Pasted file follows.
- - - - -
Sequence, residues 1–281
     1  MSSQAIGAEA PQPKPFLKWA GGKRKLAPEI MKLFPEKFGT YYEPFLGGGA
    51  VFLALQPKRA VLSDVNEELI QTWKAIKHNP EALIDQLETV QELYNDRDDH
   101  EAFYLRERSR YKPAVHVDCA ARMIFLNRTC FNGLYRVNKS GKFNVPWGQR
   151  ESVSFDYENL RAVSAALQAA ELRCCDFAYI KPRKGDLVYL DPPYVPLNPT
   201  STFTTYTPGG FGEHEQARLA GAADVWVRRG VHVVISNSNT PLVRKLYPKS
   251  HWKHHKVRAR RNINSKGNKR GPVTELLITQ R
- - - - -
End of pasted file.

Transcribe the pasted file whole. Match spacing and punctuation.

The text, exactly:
Sequence, residues 1–281
     1  MSSQAIGAEA PQPKPFLKWA GGKRKLAPEI MKLFPEKFGT YYEPFLGGGA
    51  VFLALQPKRA VLSDVNEELI QTWKAIKHNP EALIDQLETV QELYNDRDDH
   101  EAFYLRERSR YKPAVHVDCA ARMIFLNRTC FNGLYRVNKS GKFNVPWGQR
   151  ESVSFDYENL RAVSAALQAA ELRCCDFAYI KPRKGDLVYL DPPYVPLNPT
   201  STFTTYTPGG FGEHEQARLA GAADVWVRRG VHVVISNSNT PLVRKLYPKS
   251  HWKHHKVRAR RNINSKGNKR GPVTELLITQ R